Monthly Notices of the Royal Astronomical Society | Year: 2013

We study the impulsively generated non-linear Alfvén waves in the solar atmosphere and describe their most likely role in the observed non-thermal broadening of some spectral lines in solar coronal holes. We solve numerically thetime-dependent magnetohydrodynamic equations to find temporal signatures of large-amplitude Alfvén waves in the solar atmosphere model of open and expanding magnetic field configuration, with a realistic temperature distribution. We calculate the temporally and spatially averaged, instantaneous transversal velocity of non-linear Alfvén waves atdifferent heights of the model atmosphere and estimate its contribution to the unresolved non-thermal motions caused by the waves. We find that the pulse-driven non-linear Alfvén waves with the amplitude Av = 50 km s-1 are the most likely candidates for the non-thermal broadening of Si VIII Λ1445.75Å line profiles inthe polar coronal hole as reported by Banerjee et al. We also demonstrate that the Alfvén waves driven by comparatively smaller velocity pulse with amplitude Av = 25 km s-1 may contribute to the spectral line width of the same line at various heights in coronal hole broadening. We conclude that the non-linear Alfvén waves excited impulsively in the lower solar atmosphere may be reant result as it allows us to conclude that such large amplitude and pulse-driven Asponsible for the observed spectral line broadening in polar coronal holes. This is an importlfvén waves may indeed exist in solar coronal holes. The existence of these waves may impart the required momentum to accelerate the solar wind. © 2012 The Authors.


Srivastava A.K.,Aryabhatta Research Institute of Observational science ARIES | Murawski K.,Group of Astrophysics
Astrophysical Journal | Year: 2012

We observe the motion of cool and hot plasma in a multi-stranded post-flare loop (PFL) system that evolved in the decay phase of a two-ribbon M1.0 class flare in AR 11093 on 2010 August 7 using the Solar Dynamics Observatory/ Atmospheric Imaging Assembly 304 Å and 171 Å filters. The moving intensity feature and its reflected counterpart are observed in the loop system at multiple temperatures. The observed hot counterpart of the plasma probably envelopes the cool confined plasma and moves comparatively faster (∼34kms-1) than the latter (29kms-1) in the form of a spreading intensity feature. The propagating plasma and intensity reflect from the region of another footpoint of the loop. The subsonic speed of the moving plasma and associated intensity feature may be most likely evolved in the PFL system through impulsive flare heating processes. Complementing our observations of moving multi-temperature intensity features in the PFL system and its reflection, we also attempt to solve two-dimensional ideal magnetohydrodynamic equations numerically using the VAL-IIIC atmosphere as an initial condition to simulate the observed plasma dynamics. We consider a localized thermal pulse impulsively generated near one footpoint of the loop system during the flare processes, which is launched along the magnetic field lines at the solar chromosphere. The pulse steepens into a slow shock at higher altitudes while moving along this loop system, which triggers plasma perturbations that closely exhibit the observed plasma dynamics. © 2012 The American Astronomical Society. All rights reserved.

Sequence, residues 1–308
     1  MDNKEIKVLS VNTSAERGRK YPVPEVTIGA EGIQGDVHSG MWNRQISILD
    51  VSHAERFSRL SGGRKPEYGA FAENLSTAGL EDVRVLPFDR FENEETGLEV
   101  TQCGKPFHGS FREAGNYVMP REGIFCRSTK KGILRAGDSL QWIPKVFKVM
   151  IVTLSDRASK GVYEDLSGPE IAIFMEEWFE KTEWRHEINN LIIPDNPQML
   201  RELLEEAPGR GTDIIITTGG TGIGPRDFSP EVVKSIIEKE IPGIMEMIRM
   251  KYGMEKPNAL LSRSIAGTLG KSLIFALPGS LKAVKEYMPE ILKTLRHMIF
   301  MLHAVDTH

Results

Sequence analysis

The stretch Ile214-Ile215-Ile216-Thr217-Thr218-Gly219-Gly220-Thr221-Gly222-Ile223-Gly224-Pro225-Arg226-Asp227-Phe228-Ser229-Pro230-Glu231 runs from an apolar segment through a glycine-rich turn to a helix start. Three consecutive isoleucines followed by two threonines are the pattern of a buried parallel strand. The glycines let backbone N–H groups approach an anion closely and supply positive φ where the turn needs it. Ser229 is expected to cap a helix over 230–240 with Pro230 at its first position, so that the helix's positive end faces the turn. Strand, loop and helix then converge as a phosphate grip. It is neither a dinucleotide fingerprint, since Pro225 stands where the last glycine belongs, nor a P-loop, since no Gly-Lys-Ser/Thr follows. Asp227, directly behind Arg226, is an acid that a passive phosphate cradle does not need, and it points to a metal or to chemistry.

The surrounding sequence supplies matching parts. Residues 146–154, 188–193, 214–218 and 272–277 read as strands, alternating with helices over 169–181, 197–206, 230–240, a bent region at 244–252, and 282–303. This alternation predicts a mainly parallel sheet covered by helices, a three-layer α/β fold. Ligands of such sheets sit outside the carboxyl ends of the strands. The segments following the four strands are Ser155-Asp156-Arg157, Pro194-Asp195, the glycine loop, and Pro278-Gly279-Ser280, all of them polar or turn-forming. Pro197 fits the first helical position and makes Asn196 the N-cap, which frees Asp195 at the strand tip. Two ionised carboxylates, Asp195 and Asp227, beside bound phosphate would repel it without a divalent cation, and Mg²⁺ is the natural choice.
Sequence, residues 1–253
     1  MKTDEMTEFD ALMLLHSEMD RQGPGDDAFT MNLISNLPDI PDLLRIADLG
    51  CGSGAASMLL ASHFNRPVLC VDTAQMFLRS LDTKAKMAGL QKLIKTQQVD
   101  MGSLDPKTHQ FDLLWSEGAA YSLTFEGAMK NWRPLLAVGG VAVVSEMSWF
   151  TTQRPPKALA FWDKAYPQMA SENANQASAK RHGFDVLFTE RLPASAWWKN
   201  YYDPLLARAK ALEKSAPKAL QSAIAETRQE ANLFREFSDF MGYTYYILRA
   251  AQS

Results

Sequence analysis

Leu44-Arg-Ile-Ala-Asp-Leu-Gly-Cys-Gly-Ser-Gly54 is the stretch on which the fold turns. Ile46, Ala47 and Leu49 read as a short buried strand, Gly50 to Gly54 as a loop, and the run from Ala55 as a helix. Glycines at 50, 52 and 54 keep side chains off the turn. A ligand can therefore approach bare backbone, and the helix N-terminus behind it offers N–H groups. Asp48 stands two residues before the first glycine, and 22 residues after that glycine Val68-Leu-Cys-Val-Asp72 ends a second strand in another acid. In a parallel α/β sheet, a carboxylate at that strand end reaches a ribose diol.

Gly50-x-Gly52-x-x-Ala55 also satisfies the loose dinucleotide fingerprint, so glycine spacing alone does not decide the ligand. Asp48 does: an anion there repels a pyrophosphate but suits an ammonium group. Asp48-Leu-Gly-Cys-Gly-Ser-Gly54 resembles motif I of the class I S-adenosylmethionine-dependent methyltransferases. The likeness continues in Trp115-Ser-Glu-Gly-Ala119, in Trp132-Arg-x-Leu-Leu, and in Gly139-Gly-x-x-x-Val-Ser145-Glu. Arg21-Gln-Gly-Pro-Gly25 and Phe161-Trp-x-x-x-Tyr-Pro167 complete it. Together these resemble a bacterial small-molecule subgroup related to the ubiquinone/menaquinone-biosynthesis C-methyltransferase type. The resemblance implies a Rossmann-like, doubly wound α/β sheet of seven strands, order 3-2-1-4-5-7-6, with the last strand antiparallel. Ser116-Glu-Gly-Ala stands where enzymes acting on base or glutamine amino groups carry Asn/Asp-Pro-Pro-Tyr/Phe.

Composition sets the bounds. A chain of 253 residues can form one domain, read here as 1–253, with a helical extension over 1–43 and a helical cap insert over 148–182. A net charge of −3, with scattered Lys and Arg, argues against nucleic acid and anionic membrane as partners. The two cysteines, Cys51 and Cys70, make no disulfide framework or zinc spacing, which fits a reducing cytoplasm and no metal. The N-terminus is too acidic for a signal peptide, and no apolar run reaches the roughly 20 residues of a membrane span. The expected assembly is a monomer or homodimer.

Kayshap P.,Aryabhatta Research Institute of Observational science ARIES | Srivastava A.K.,Aryabhatta Research Institute of Observational science ARIES | Murawski K.,Group of Astrophysics
Astrophysical Journal | Year: 2013

We observe a solar surge in NOAA AR11271 using the Solar Dynamics Observatory (SDO) Atmospheric Imaging Assembly 304 Å image data on 2011 August 25. The surge rises vertically from its origin up to a height of ≈65 Mm with a terminal velocity of ≈100 km s-1, and thereafter falls and fades gradually. The total lifetime of the surge was ≈20 minutes. We also measure the temperature and density distribution of the observed surge during its maximum rise and find an average temperature and a density of 2.0 MK and 4.1 × 109 cm-3, respectively. The temperature map shows the expansion and mixing of cool plasma lagging behind the hot coronal plasma along the surge. Because SDO/HMI temporal image data do not show any detectable evidence of significant photospheric magnetic field cancellation for the formation of the observed surge, we infer that it is probably driven by magnetic-reconnection-generated thermal energy in the lower chromosphere. The radiance (and thus the mass density) oscillations near the base of the surge are also evident, which may be the most likely signature of its formation by a reconnection-generated pulse. In support of the present observational baseline of the triggering of the surge due to chromospheric heating, we devise a numerical model with conceivable implementation of the VAL-C atmosphere and a thermal pulse as an initial trigger. We find that the pulse steepens into a slow shock at higher altitudes which triggers plasma perturbations exhibiting the observed features of the surge, e.g., terminal velocity, height, width, lifetime, and heated fine structures near its base. © 2013. The American Astronomical Society. All rights reserved.


Kayshap P.,Aryabhatta Research Institute of Observational science ARIES | Srivastava A.K.,Aryabhatta Research Institute of Observational science ARIES | Murawski K.,Group of Astrophysics | Tripathi D.,University of Pune
Astrophysical Journal Letters | Year: 2013